Now that the legal term has ended, Inforrm is taking a winter break for a few weeks. We will have a some occasional posts over the next fortnight but the full normal service will be resumed until 11 January 2021.
This Week’s Round Up
Last Week in the Courts
On 14 and 15 December 2020 Jay J heard the trial in the case of Soriano v Forensic News LLC.
On 16 December 2020 the Administrative Court (Bean LJ and Warby J) handed down judgment in the case of Scottow v Crown Prosecution Service  EWHC 3421 (Admin). The appeal against a conviction under section 127(2)(c) of the Communications Act 2003 was allowed. The Daily Mail had a piece about the decision “Victory in the war on woke: Judges’ landmark ruling in case of mother who called trans woman ‘he’ on Twitter means freedom of speech DOES includes the ‘right to offend'”.
On the same day the Court of Appeal (McCombe, Peter Jackson and Dingemans LJJ) heard the appeal in the case of Tinkler v Ferguson. Judgment was reserved.
On 17 December 2020, Nicklin J held Case Management Conferences in 16 injunction cases brought by local authorities.
On 18 December 2020 Collins-Rice J gave judgment in the case of Shah v Up And Coming TV Ltd & Ors  EWHC 3472 (QB). The Judge held that the words complained of were not defamatory.
On the same day there was a statement in open court in the case of HRH Duchess of Sussex v Splash News read before Nicklin J.
Nicklin J also heard an application in Ward v Associated Newspapers.
Next Week in the Courts
Monday 21 December 2020 is the last day of the Michaelmas legal term. A number of reserved judgments will be handed down by Media and Communications judges:
- Sicri v Associated Newspapers, Warby J
- Bukhari v Bukhari, Julian Knowles J
- Day v Chivers, Collins-Rice J
Israel: “Israeli police require internet and cellphone providers to give them access to the online data of any website or anyone in Israel, as documents obtained by the newspaper ‘Haaretz’ and confirmed by sources with knowledge of the technology and its inner workings.”
Research and Resources
- Israel’s SIGINT Oversight Ecosystem: COVID-19 Secret Service Location Tracking as a Test Case, Amir Cahane, University of New Hampshire Law Review.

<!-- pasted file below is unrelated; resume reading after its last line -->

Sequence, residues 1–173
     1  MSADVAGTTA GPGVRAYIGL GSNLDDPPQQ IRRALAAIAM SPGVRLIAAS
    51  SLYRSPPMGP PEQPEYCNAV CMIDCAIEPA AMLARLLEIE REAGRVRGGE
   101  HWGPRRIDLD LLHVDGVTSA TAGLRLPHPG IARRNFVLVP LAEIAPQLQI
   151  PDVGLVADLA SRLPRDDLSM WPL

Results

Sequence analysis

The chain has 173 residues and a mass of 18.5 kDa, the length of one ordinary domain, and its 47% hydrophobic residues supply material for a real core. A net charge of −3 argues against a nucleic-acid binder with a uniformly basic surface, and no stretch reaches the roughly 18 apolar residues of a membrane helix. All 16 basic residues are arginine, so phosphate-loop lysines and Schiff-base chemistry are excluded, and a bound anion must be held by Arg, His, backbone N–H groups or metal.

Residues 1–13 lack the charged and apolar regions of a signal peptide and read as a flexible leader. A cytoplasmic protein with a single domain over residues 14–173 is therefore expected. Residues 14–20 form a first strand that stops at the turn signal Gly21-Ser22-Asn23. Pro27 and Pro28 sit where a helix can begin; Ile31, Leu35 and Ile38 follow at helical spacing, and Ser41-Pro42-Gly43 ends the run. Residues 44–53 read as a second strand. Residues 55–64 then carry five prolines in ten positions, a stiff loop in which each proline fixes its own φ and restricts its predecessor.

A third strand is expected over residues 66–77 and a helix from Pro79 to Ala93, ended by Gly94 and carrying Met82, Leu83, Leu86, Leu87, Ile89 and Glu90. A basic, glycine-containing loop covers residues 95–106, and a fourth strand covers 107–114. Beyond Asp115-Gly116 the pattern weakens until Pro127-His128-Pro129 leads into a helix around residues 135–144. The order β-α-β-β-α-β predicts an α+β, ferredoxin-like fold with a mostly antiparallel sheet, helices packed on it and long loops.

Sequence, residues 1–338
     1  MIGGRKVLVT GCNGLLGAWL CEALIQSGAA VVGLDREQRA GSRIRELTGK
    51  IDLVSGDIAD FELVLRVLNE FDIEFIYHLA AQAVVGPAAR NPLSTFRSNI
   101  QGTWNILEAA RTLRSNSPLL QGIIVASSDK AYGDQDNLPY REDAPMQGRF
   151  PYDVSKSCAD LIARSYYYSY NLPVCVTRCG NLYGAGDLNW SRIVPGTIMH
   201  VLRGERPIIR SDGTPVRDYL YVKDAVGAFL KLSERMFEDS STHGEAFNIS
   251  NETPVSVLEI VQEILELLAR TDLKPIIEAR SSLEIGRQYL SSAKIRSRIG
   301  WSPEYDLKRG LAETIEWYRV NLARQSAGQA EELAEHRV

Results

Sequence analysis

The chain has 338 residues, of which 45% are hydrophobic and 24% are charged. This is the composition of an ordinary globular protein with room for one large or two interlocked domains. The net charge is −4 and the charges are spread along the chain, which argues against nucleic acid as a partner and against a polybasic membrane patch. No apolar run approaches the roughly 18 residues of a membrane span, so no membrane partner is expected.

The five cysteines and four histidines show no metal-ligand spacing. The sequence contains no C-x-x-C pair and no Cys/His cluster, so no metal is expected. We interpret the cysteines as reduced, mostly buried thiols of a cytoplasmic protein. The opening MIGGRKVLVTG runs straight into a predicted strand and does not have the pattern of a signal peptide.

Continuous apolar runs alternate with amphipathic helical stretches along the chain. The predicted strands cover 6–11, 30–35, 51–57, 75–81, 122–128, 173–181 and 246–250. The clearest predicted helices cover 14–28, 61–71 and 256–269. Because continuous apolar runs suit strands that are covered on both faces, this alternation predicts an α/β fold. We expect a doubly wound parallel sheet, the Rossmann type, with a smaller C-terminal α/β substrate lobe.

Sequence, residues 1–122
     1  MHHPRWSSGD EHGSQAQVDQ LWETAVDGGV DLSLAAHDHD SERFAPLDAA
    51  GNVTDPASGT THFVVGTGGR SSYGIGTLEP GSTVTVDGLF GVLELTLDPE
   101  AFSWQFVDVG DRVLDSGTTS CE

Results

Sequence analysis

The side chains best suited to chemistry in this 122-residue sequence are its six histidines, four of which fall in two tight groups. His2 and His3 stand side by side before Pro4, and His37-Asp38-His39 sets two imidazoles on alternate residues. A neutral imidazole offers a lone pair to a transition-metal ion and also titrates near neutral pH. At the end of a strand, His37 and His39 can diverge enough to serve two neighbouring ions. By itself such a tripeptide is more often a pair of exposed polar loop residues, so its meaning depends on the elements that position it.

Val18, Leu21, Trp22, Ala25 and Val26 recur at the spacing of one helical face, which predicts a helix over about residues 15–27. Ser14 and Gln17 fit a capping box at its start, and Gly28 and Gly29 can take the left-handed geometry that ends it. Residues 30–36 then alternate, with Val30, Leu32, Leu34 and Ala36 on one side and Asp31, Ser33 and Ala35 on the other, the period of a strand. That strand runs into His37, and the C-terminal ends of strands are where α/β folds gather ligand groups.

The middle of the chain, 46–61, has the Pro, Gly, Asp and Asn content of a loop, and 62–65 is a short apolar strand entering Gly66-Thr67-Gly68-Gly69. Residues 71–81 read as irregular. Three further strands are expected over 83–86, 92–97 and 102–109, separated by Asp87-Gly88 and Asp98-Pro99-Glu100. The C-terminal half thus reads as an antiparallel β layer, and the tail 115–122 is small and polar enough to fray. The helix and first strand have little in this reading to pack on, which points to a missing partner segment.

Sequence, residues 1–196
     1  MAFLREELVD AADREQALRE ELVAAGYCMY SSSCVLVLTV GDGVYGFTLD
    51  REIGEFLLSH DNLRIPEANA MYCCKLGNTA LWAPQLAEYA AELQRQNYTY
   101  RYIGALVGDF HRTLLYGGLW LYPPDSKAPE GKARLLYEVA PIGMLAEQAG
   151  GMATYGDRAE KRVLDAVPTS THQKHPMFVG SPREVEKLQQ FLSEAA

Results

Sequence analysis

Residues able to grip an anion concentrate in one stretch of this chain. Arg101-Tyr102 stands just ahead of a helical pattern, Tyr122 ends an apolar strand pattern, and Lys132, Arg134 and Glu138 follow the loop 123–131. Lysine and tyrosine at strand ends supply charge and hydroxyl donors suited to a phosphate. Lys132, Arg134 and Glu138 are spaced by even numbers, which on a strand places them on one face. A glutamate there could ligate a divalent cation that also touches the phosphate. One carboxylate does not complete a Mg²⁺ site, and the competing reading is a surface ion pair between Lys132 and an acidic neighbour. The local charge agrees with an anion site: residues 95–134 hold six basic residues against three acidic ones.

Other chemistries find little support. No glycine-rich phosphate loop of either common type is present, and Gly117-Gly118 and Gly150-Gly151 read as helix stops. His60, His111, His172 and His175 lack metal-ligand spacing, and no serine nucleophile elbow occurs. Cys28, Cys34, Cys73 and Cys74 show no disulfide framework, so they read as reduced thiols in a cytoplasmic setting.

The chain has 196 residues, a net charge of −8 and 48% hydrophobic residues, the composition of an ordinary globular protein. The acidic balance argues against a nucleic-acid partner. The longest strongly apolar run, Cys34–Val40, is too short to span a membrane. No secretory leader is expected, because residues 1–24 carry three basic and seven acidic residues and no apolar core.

- Privacy and the Legalization of Mass Surveillance: In Search of a Second Wind for International Human Rights Law, Higher School of Economics Research Paper No. WP BRP 97/LAW/2020, Vera Rusinova and Aleksandra Pereverzeva, National Research University Higher School of Economics.
- Early GDPR Penalties: Analysis of Implementation and Fines Through May 2020, Josephine Wolff and Nicole Atallah, The Fletcher School of Law and Diplomacy, Tufts University and Tufts.
- Google as a de facto privacy regulator: Analyzing Chrome’s removal of third-party cookies from an antitrust perspective, Damien Geradin, Dimitrios Katsifis and Theano Karanikioti, Geradin Partners, Geradin Partners and Geradin Partners.
- Constitutional Right to ‘Correct’ Information in the Era of Fake News, Chanderkant Yadav Yadav and Ravi Singh Chhikara, University of Delhi, Campus Law Centre and University of Delhi, Campus
The following reserved judgments after public hearing in media law cases are outstanding:
Onwude v Dyer, heard 6-8 October 2020 (HHJ Parkes QC)
Wright v Granath, heard 15 October 2020 (Moylan, Singh and Popplewell LJJ)
B.C.Strategy UK Ltd v Keshet Broadcasting Ltd heard 17 November 2020 (Saini J).
Riley v Sivier, heard 11 December 2020 (Collins-Rice J).
Soriano v Forensic News LLC, heard 14 and 15 December 2020 (Jay J).
Tinkler v Ferguson, heard 16 December 2020 (McCombe, Peter Jackson and Dingemans LJJ).
Please let us know if there are other reserved judgments which we should be listing.
Inforrm: Round up of the Year
This year we have had 364 posts on Inforrm on a very wide variety of media and legal topics from authors from all areas of media law and all round the world. We have had 450,000 page views this year, more than half from the UK with the United States, India, Australia and the Philippines making up the rest of the top five.
Many thanks to all our readers for following the blog and our twitter feed. And thank you for the many positive comments we have had (and the constructive negative ones). Thanks also to everyone who has written for the blog.
As we have said many times before, Inforrm is intended to be a forum for debate and we welcome contributions from all points of view about issues concerning “media and law”. We can be contacted via the email address on the home page.
The top 10 posts in 2020 were as follows (in descending order):
- Case Report, Johnny Depp v News Group Newspapers, Days 7 and 8 of the Libel Trial
- South Africa: Fake news about Covid-19 now a criminal offence – Dario Milo and Johan Thiel
- Mail on Sunday’s Meghan Markle Defence: A Study in Poverty, Part 1 – Paul Wragg
- Mail on Sunday’s Meghan Markle Defence: A Study in Poverty, Part 2 – Paul Wragg
- The Good, The Bad and The Ugly of Social Media during the Coronavirus pandemic – Peter Coe
- Case Report: Johnny Depp v News Group Newspapers, Days 1 to 4, the Claimant’s Evidence
- Case Law: ZXC v Bloomberg LP, Court of Appeal upholds the privacy rights of suspects – Hugh Tomlinson QC
- Case Report, Johnny Depp v News Group Newspapers, Day 16 of the Libel Trial, the Claimant’s Closing.
- Case Law: Duchess of Sussex v Associated Newspapers, Allegations of wrongdoing struck out as irrelevant, complex and costly – Mathilde Groppo
- News: Supreme Court grants permission to appeal in Lloyd v Google LLC